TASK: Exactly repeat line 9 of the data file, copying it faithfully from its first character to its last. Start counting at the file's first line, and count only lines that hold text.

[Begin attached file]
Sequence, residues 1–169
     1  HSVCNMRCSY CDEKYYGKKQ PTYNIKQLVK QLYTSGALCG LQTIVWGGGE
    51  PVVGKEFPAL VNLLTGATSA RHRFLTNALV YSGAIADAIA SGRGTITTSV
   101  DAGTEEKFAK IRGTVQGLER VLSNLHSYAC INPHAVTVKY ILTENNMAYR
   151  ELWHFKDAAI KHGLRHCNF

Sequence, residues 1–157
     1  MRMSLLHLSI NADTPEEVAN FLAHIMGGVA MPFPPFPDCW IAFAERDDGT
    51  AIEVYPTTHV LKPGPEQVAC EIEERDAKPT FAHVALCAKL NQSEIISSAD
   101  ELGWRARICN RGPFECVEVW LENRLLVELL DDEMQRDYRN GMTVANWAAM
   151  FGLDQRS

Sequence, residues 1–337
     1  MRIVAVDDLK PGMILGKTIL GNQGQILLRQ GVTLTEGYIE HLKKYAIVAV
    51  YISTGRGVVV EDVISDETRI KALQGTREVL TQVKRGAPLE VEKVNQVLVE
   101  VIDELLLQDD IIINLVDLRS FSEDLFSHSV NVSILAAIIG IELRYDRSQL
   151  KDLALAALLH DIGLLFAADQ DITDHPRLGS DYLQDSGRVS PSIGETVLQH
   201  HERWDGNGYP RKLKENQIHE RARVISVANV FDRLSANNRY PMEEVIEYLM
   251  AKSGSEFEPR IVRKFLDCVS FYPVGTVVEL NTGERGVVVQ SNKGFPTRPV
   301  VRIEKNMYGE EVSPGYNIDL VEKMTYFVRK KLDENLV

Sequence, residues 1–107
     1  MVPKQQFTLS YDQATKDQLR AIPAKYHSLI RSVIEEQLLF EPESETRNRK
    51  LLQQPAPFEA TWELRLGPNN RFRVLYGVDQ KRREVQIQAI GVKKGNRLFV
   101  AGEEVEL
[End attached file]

   101  ELGWRARICN RGPFECVEVW LENRLLVELL DDEMQRDYRN GMTVANWAAM